Correct and retrain
Like any new employee, your chatbot needs to learn about your business activities. Fortunately, you don’t need to spend forever writing new training materials. Reference data can be provided in the form of existing communication assets – such as chat samples or voice transcripts written for human customer contact agents.
Once these assets are loaded, your chatbot is technically in its probationary period. The next phase, like with human employees, is to correct its mistakes. This is an iterative process. But, over time, your chatbot gets increasingly better at representing your business.
Artificial intelligence (AI) integration
The final phase of training the perfect chatbot is AI integration. Here’s where it becomes a senior employee – gaining knowledge and perfecting its business practices. During AI integration, your chatbot uses machine learning to improve its communication and business skills. From the customer viewpoint, it learns how to better identify and respond to their needs.
There are two parts to this process. Firstly, natural language processing is fine-tuned to get to the heart of customers’ problems. Do they want more information, product support or to make a purchase?
The second element is the AI engine. Using this, the chatbot interacts with other AI systems to deliver outcomes. If a customer wants to meet a mortgage advisor, the chatbot can connect with the advisor’s booking system to facilitate this. Or, if the customer is simply enquiring about mortgage rates, the chatbot can provide the relevant information. Once the customer’s request has been actioned, the chatbot can also determine whether this was the most appropriate action by analyzing the customer’s response, enabling the chatbot to learn on the go and optimize future interactions.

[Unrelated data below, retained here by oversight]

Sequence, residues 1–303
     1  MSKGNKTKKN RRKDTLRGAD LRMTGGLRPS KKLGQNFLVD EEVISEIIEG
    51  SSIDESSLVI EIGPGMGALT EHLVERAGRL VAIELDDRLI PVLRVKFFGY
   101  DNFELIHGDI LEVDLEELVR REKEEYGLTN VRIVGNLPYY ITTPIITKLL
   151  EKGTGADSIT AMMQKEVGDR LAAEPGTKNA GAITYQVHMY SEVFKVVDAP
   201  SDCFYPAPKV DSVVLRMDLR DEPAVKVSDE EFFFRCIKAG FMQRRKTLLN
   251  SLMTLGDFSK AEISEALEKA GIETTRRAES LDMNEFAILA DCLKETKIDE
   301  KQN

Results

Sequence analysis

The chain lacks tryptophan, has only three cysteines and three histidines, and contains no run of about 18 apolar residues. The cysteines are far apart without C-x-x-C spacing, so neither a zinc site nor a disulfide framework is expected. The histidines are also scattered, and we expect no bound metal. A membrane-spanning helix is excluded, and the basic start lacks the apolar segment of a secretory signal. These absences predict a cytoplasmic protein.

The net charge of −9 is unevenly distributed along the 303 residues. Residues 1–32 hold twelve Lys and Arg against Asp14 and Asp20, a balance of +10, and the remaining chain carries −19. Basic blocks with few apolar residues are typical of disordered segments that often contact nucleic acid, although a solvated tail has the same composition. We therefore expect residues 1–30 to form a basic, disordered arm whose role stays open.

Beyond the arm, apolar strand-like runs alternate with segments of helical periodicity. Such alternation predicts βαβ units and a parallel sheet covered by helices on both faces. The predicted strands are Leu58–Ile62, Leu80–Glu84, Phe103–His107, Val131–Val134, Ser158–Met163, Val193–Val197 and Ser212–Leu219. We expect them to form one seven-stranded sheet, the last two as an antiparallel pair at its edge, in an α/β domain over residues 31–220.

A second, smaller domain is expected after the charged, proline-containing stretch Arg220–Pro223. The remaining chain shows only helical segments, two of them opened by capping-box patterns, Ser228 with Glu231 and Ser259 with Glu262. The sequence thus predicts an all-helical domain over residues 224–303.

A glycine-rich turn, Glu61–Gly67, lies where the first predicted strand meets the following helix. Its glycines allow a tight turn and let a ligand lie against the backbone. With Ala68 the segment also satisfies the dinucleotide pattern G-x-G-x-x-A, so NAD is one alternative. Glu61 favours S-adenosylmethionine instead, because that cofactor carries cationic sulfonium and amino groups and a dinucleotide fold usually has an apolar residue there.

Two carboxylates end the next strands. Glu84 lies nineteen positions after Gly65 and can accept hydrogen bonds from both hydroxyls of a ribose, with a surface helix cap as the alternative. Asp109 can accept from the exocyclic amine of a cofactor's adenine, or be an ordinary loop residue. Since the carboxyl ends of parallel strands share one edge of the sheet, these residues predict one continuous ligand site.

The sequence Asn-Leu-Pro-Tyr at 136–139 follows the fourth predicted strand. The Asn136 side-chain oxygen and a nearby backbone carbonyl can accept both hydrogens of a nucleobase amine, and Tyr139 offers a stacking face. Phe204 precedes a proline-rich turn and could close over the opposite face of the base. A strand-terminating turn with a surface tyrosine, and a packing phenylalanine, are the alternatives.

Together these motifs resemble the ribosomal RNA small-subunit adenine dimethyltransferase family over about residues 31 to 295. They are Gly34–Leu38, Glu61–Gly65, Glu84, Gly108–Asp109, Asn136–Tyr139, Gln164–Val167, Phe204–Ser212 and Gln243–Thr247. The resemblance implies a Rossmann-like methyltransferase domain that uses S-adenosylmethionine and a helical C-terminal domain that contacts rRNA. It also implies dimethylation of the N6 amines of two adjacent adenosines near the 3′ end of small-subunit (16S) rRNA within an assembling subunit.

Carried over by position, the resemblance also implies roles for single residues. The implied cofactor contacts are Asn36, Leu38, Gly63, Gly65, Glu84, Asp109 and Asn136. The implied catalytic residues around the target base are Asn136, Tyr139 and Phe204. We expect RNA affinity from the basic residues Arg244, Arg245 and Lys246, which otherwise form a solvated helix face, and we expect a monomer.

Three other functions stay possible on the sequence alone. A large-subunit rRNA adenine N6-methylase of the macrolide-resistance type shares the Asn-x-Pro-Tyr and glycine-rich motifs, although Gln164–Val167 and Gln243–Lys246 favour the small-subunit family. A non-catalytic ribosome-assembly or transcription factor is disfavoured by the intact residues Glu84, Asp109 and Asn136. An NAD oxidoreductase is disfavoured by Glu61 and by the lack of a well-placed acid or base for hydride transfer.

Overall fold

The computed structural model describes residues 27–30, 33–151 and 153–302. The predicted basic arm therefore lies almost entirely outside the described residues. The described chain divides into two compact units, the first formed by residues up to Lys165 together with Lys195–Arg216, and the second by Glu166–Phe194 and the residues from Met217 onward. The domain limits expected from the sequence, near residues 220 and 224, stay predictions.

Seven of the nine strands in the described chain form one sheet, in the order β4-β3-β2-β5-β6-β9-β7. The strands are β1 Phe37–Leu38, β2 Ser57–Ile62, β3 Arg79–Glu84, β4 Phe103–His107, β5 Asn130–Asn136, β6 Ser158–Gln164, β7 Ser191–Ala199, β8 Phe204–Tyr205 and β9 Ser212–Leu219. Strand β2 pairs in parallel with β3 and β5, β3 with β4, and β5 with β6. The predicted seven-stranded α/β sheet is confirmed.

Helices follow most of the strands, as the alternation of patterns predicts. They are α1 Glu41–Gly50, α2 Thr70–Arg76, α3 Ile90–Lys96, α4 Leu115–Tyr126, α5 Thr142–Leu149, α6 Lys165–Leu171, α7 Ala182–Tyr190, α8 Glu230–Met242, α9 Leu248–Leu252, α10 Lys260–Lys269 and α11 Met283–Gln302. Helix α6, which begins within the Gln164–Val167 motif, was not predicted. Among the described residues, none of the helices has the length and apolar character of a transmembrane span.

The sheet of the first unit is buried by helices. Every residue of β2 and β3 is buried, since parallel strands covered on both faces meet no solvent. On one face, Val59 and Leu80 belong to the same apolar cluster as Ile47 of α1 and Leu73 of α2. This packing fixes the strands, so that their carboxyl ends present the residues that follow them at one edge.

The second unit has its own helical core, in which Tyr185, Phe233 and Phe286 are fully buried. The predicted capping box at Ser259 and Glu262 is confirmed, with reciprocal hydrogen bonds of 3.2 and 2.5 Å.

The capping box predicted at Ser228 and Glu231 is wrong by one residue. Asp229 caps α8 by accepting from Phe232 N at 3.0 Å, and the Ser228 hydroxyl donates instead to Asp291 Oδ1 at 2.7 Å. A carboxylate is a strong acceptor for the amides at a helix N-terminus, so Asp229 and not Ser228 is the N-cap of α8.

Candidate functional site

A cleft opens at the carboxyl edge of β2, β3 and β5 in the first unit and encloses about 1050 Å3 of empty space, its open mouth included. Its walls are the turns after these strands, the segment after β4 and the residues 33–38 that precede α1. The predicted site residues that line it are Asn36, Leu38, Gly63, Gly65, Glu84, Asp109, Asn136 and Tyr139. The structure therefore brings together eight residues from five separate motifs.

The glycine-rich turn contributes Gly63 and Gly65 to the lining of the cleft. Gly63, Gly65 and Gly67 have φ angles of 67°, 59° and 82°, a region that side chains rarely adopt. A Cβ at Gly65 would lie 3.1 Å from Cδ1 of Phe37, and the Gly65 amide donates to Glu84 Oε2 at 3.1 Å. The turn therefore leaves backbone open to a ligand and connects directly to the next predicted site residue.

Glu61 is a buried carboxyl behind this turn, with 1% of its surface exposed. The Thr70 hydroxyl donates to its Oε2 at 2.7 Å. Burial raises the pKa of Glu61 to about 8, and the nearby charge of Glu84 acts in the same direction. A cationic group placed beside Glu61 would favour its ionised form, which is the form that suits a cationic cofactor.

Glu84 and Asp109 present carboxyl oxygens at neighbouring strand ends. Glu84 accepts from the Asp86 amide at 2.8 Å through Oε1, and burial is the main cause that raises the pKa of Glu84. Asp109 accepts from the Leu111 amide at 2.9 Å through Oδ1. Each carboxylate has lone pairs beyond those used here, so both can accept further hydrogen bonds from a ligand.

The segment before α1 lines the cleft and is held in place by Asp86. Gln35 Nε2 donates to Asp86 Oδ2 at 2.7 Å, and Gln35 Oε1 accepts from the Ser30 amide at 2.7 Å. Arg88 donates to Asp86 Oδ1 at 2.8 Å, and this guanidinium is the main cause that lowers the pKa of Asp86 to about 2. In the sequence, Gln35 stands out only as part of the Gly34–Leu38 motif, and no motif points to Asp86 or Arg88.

The focus of your chatbot training regime should be to deliver the same (or higher) standards of customer satisfaction than human customer contact agents. When these standards are achieved, your chatbot has the additional benefits of being able to respond at almost limitless scale, 24/7 and in a predictable way. This level of service meets the customer need for support to be available ‘anywhere and everywhere’. Plus, there’s the added benefit that you don’t need to keep hiring and training new customer contact recruits.
Overall, chatbots are a powerful tool to enhance brand to customer communications, especially as instant messenger apps and social media are replacing emails and phone calls. The novelty of chatbots allow consumers to experience businesses in a completely new way – and, once set, chatbots are likely to become one of your most trusted and reliable employees.
About the Author
Anubhav leads Wipro’s Connected Customer Experience business delivering services across marketing, sales, commerce, digitization, automation, API, modernization, mobility and user experience in the Americas. He also manages the mobility and UX engineering practice globally. With over 20 years of experience in building software, Anubhav has contributed to innovative and award-winning programs around digital transformation and customer experience. He is passionate about conversational bots and supports clients in adopting them as part of their transformation initiatives.More Content by Anubhav Mishra